Contact Doctor Within 24 Hours

  • Blister is present. Exception: small closed blister less than ½ inch or 12 mm size.
  • You think your child needs to be seen, but the problem is not urgent

Contact Doctor During Office Hours

  • Minor burn and last tetanus shot more than 10 years ago
  • Burn not healed after 10 days
  • You have other questions or concerns

Self Care at Home

  • Minor heat or chemical burn
  • Blisters less than ½ inch (12 mm) size

Care Advice for 1st Degree Burns or Small Blisters

  1. What You Should Know About Burns :
    • Minor burns can be treated at home.
    • This includes some small blisters.
    • Here is some care advice that should help.
  2. Cold Pack for Pain:
    • For pain, put a cold wet washcloth on the burn.
    • Repeat as needed.
  3. Pain Medicine:
    • To help with the pain, give an acetaminophen product (such as Tylenol).
    • Another choice is an ibuprofen product (such as Advil).
    • Use as needed.
  4. Clean the Burn:
    • Wash the burn gently with warm water.
    • Do not use soap unless the burn is dirty. Reason: Soaps can slow healing.
  5. Closed Blisters - Don't Open:
    • Don't open any small closed blisters.
    • The outer skin protects the burn from infection.
  6. Antibiotic Ointment for Open Blisters:
    • For any broken blisters, use an antibiotic ointment (such as Polysporin). No prescription is needed.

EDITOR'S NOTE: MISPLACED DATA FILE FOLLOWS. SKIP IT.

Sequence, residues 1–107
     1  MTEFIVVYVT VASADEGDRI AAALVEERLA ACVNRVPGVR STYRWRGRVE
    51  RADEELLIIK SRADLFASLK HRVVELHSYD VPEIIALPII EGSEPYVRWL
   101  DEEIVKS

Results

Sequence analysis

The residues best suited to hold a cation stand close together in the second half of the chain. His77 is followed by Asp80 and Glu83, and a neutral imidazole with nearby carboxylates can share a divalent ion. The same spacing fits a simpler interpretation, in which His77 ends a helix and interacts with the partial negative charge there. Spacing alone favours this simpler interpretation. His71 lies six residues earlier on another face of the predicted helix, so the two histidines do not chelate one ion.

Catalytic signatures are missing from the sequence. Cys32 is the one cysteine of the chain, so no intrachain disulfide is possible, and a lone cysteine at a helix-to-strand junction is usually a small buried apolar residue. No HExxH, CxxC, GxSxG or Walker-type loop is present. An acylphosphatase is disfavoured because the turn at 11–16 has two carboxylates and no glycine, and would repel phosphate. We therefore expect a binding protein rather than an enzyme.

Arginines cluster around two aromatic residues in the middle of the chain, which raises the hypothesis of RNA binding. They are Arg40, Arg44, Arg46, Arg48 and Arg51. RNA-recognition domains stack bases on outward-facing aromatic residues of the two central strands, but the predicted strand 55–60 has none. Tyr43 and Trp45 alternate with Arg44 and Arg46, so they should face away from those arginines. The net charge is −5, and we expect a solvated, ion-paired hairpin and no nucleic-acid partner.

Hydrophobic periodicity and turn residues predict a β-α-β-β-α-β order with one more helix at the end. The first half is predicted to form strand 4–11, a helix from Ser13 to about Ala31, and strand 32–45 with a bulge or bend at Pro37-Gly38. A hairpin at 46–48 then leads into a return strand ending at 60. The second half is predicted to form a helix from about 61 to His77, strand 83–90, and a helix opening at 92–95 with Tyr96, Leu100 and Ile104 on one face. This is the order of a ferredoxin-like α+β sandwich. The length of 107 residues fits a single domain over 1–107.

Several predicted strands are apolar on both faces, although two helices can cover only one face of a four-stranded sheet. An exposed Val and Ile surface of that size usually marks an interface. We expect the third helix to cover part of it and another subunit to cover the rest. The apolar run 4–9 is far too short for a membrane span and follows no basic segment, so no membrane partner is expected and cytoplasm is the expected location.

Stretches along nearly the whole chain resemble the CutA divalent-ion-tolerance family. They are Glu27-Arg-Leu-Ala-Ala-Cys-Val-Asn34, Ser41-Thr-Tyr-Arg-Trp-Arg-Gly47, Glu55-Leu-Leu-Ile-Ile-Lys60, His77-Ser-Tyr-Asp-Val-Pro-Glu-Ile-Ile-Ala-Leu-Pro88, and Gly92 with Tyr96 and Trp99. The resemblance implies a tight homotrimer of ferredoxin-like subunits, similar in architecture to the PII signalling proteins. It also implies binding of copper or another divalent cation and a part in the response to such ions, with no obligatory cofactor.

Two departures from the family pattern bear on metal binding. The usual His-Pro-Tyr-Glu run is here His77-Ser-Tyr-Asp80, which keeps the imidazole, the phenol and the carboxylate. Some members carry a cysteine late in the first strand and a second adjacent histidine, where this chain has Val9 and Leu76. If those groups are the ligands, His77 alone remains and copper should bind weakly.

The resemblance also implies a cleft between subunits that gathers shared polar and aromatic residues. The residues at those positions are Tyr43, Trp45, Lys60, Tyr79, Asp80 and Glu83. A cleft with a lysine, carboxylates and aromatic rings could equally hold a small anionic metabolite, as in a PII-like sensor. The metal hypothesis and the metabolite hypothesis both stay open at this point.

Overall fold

• Then cover it with a bandage (such as Band-Aid). Change the dressing every other day.
    • Each time, clean the area. Use warm water and 1 or 2 gentle wipes with a wet washcloth.
  7. What to Expect:
    • Most often, burns hurt for about 2 days.
    • It will peel like a sunburn in about a week.
    • First- and second-degree burns don't leave scars.
  8. Call Your Doctor If:
    • Severe pain lasts over 2 hours after taking pain medicine
    • Burn starts to look infected (spreading redness, pus)
    • Burn not healed after 10 days
    • You think your child needs to be seen
    • Your child becomes worse

Care Advice for 1st Degree Burns or Small Blisters

Burn - First Degree

The photo shows a 6 inch (15 cm) wide area of mild redness without blistering on the forearm. This thermal burn was caused by spilled hot water.

First Aid Care Advice:

  • Put the burned part in cold tap water right away or pour cold water over it for 10 minutes or cover with a cold wet washcloth.